A September 6 article in the Alabama Political Reporter explored the impact that Medicaid expansion has had on other Southern states: “In 2014, Kentucky opted to expand Medicaid under the Patient Protection and Affordable Care Act (PPACA), and in doing so saw one of the largest reductions in uninsured, non-elderly individuals in the country. As of 2013, Kentucky had an uninsured rate for non-elderly individuals of 18.8 percent, which decreased to 6.8 percent after Medicaid expansion in 2015. After expansion, Medicaid enrollment increased by 95 percent — of the 1.3 million Medicaid enrollees in 2015, 439,000 were new enrollees under Medicaid expansion, 80 percent of whom would have had no coverage at all prior to expansion.”
Dunnam has seen first hand the impact that discriminatory insurance practices have had on people who do not meet the current the standards for Medicaid in Alabama. He considers himself lucky to be covered through Blue Cross Blue Shield, which, as he said, has not price gouged HIV medication.
Because AIDS/HIV has been classified as a disability by the Americans with Disabilities Act, it would be discrimination for an insurer to price the necessary medication in a way that would discourage a consumer from purchase, Smith said.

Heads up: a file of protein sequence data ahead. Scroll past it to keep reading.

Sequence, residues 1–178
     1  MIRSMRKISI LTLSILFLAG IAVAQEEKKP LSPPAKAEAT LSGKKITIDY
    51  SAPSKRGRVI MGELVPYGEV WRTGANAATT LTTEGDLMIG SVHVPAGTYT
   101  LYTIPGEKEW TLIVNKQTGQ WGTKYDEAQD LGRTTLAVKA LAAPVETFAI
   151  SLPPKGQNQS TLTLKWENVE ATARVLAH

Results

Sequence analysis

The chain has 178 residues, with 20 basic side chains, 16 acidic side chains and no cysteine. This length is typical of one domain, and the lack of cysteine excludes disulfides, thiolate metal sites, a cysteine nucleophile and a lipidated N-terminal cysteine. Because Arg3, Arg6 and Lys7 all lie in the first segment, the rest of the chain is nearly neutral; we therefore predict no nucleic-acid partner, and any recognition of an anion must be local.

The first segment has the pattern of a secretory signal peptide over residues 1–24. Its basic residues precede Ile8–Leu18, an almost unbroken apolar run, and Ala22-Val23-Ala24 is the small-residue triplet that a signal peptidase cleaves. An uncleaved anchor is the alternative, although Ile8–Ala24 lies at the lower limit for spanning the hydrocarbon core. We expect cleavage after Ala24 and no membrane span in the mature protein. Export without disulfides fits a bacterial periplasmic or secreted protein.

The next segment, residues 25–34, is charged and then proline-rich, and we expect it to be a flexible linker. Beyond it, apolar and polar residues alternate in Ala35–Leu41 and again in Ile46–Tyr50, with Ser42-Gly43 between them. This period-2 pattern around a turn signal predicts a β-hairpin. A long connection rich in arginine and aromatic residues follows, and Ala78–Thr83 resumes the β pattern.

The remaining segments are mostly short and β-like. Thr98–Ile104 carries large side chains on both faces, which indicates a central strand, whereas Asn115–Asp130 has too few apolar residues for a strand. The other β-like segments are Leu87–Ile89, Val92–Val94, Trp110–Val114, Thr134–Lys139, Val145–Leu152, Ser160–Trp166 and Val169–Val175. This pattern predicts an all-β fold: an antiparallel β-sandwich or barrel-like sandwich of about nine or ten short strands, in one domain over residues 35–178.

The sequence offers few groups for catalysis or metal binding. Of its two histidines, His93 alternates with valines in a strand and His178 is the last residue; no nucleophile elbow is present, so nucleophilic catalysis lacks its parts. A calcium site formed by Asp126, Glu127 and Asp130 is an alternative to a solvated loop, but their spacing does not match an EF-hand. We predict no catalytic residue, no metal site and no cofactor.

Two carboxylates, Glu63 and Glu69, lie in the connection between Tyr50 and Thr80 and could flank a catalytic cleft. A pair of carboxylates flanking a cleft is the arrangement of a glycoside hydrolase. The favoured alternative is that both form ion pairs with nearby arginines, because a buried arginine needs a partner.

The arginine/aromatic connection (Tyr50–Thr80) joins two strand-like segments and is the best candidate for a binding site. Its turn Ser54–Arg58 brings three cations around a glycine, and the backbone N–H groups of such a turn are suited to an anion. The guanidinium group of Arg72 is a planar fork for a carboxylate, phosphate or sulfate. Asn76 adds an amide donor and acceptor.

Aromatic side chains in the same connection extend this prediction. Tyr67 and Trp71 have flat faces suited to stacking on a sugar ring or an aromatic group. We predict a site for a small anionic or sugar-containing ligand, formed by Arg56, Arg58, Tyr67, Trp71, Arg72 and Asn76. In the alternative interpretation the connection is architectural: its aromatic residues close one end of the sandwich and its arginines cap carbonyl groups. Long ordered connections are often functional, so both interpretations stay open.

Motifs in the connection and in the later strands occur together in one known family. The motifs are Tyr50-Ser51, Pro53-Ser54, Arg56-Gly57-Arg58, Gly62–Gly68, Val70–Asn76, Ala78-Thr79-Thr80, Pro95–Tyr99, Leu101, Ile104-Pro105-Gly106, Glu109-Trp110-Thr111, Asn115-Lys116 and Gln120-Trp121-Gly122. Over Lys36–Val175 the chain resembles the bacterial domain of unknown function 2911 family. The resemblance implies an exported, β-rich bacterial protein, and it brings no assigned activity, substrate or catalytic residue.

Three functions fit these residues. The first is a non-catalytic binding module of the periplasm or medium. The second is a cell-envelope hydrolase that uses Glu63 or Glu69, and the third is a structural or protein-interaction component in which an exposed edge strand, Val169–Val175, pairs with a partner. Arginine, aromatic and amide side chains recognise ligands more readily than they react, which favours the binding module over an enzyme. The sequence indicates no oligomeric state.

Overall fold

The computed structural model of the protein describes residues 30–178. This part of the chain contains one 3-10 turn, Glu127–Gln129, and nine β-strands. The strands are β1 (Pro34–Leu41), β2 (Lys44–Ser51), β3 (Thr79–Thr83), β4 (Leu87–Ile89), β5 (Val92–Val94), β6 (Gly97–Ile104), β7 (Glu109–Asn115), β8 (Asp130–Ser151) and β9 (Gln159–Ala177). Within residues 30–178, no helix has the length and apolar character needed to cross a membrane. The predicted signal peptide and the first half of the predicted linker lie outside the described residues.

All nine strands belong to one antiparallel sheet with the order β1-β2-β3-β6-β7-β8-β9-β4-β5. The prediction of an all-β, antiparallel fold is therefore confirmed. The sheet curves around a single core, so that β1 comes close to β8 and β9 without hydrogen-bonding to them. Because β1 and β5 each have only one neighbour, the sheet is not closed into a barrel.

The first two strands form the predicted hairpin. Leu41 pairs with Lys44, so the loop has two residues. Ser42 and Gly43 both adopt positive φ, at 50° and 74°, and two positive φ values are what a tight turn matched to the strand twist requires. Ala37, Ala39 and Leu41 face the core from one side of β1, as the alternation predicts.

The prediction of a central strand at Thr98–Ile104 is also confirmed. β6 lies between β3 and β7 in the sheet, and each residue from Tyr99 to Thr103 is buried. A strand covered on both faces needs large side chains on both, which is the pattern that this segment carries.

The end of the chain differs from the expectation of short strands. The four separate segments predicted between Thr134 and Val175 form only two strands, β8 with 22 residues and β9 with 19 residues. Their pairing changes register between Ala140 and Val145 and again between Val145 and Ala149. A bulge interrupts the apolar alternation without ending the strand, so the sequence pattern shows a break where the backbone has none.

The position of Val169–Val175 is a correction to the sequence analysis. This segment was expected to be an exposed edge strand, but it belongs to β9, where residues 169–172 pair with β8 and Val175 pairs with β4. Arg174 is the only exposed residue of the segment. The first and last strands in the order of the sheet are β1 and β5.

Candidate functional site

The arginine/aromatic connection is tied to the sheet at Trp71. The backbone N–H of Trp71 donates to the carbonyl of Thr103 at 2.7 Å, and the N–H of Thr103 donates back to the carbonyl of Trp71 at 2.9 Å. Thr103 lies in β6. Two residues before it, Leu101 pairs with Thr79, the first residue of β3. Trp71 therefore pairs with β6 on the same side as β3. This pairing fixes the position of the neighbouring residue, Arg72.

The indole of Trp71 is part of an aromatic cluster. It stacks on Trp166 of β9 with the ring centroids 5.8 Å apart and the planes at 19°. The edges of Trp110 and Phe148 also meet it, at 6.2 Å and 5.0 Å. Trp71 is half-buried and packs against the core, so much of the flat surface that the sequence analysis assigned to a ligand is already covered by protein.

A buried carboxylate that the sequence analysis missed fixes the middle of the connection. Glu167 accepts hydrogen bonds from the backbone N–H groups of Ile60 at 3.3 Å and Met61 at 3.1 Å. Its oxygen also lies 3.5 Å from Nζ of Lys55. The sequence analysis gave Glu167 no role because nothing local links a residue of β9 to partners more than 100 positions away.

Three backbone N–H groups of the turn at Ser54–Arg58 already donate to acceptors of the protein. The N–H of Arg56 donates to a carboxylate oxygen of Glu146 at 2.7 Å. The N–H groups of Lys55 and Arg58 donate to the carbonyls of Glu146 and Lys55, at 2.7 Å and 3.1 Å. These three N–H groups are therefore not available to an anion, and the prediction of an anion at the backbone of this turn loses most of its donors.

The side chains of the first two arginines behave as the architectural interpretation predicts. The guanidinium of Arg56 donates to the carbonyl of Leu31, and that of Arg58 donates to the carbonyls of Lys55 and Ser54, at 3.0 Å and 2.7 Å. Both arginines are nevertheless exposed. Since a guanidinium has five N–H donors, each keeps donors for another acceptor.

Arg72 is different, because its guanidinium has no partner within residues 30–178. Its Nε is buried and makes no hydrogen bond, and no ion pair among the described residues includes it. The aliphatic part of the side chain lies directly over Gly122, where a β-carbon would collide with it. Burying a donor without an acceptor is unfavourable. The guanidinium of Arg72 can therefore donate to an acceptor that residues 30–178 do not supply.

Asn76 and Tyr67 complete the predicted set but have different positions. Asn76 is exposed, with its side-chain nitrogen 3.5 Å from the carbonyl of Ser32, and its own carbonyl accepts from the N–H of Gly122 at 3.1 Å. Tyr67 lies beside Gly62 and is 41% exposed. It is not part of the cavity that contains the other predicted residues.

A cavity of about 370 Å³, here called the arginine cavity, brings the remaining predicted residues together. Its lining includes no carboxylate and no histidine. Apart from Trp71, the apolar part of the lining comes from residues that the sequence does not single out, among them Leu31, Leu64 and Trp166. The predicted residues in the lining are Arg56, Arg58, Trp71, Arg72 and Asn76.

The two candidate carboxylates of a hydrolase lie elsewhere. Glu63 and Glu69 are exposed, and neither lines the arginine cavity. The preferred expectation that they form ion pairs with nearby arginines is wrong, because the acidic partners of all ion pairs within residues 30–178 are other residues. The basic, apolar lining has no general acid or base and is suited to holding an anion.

“We found that Humana was the worst actor in that, by placing the medication [in] their highest tier — tier four — which requires a huge cost sharing for people with HIV,” Smith said. “The reason that is important is of the 14,000 people with HIV in Alabama the average income of those people is around $10,000 a year. There is a barrier to access those lifesaving drugs by a planned design.”
Humana representatives did not return calls seeking a comment on the complaint filed against them. Humana plans to leave the Alabama marketplace in 2017, which could spell more bad news for people like Dunnam seeking affordable medication. Blue Cross Blue Shield will be the only provider in the state’s ACA marketplace.
“Costs are surely going to increase again next year,” Dunnam said. “I’m fully covered, but the impact is really on the Ryan White Program. It was put into place back in the early 90s to help people maintain their medicine and help save lives because back then the death rate was out of control. But thanks to advances in science and medicine they were allowed to come up with new pill regimens that weren’t as toxic and gave people a better chance to survive.”
(The Ryan White Program provides medication for an estimated 500,000 people with HIV/AIDS annually and is designed to fill coverage gaps for people who cannot afford medication or insurance.)
Smith said he hopes that all insurance providers will reclassify the medication that AIDS/HIV and Hepatitis C patients need to survive in Alabama and elsewhere. “We’re hoping other insurers look at this as well and see this as a warning signal that they are not above the law. People are watching.”